"A district court should grant a motion for a judgment of acquittal only when there is insufficient evidence to sustain a conviction." United States v. Moses, 513 F.3d 727, 733 (7th Cir. 2008); see also United States v. Presbitero, 569 F.3d 691, 704 (7th Cir. 2009). A court reviewing a Rule 29 motion should "view the evidence in the light most favorable to the government and ask whether any rational jury could have found the essential elements of the charged crime beyond a reasonable doubt." Presbitero, 569 F.3d at 704; see also United States v. Doody, 600 F.3d 752, 754 (7th Cir. 2010); United States v. Warren, 593 F.3d 540, 546 (7th Cir. 2010); United States v. Bolivar, 532 F.3d 599, 603 (7th Cir. 2008); Moses, 513 F.3d at 733; United States v. Genova, 333 F.3d 750, 757 (7th Cir. 2003) ("The issue on a motion under Rule 29(c) is the same as the issue on appeal: whether the evidence, taken in the light most favorable to the verdict, permits a sensible person to find beyond a reasonable doubt that the defendant committed the crime alleged."); United States v. Fujii, 301 F.3d 535, 539 (7th Cir. 2002). A court will "set aside a jury's guilty verdict only if 'the record contains no evidence, regardless of how it is weighed,' from which a jury could have returned a conviction." Presbitero, 569 F.3d at 704 (quoting Moses, 513 F.3d at 733).

"Under Rule 33 of the Federal Rules of Criminal Procedure, a district court 'may vacate any judgment and grant a new trial if the interest of justice so requires.'" United States v. McGee, 408 F.3d 966, 979 (7th Cir. 2005); see also United States v. Christ, 513 F.3d 762, 775 (7th Cir. 2008). "'[C]courts have interpreted [Rule 33] to require a new trial in the interests of justice in a variety of situations in which the substantial rights of the defendant have been jeopardized by errors or omissions during trial.'" United States v. Eberhart, 388 F.3d 1043, 1048 (7th Cir. 2004), overruled on other grounds, 546 U.S. 12, 126 S.Ct. 403 (2005) (quoting United States v. Kuzniar, 881 F.2d 466, 470 (7th Cir. 1989), with internal quotation from Kuzniar omitted). "'A jury verdict in a criminal case is not to be overturned lightly, and therefore a Rule 33 motion is not to be granted lightly.'" Eberhart, 388 F.3d at 1048 (quoting United States v. Santos, 20 F.3d 280, 285 (7th Cir. 1994)). Accordingly, a court may grant a new trial if the jury's verdict is "so contrary to the weight of the evidence that a new trial is required in the interest of justice." United States v. Washington, 184 F.3d 653, 657 (7th Cir. 1999) ("The focus in a motion for a new trial is not on whether the testimony is so incredible that it should have been excluded. Rather, the court considers whether the verdict is against the manifest weight of the evidence, taking into account the credibility of the witnesses."). "The court should grant a motion for a new trial only if the evidence 'preponderate[s] heavily against the verdict, such that it would be a miscarriage of justice to let the verdict stand.'" United States v. Swan, 486 F.3d 260, 266 (7th Cir. 2007) (quoting United States v. Reed, 875 F.2d 107, 113 (7th Cir. 1989)); see also Presbitero, 569 F.3d at 706 (quoting Washington, 184 F.3d at 657-58).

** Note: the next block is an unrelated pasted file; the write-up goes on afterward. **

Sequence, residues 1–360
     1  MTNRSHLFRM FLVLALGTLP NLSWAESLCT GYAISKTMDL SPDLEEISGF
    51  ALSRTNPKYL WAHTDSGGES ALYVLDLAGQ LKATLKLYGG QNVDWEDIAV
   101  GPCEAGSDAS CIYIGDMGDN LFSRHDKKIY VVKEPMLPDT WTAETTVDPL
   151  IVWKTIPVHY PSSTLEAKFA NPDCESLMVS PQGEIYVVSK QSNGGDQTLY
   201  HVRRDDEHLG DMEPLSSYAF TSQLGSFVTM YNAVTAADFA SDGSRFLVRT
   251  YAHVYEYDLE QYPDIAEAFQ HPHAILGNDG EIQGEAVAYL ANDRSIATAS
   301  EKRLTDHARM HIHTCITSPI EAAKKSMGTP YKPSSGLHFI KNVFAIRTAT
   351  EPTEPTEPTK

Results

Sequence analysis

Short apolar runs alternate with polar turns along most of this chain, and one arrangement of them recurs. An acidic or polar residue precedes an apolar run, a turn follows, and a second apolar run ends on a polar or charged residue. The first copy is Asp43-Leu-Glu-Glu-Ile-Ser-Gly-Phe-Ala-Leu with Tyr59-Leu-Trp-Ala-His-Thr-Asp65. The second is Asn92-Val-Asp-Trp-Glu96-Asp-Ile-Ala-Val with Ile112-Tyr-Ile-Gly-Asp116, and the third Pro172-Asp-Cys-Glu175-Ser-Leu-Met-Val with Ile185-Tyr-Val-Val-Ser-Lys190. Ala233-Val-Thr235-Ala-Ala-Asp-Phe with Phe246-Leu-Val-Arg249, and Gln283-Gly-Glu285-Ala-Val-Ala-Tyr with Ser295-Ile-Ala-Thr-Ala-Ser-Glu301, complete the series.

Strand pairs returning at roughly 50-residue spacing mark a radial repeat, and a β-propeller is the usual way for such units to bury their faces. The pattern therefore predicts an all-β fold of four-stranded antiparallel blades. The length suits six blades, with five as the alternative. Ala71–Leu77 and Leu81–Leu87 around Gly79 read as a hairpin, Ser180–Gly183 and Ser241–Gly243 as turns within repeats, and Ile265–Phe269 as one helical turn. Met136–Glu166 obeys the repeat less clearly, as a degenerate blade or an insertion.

ANALYSIS

I. Defendant is Not Entitled to Judgment of Acquittal

Defendant first claims that he is entitled to a judgment of acquittal under Rule 29. Defendant has ...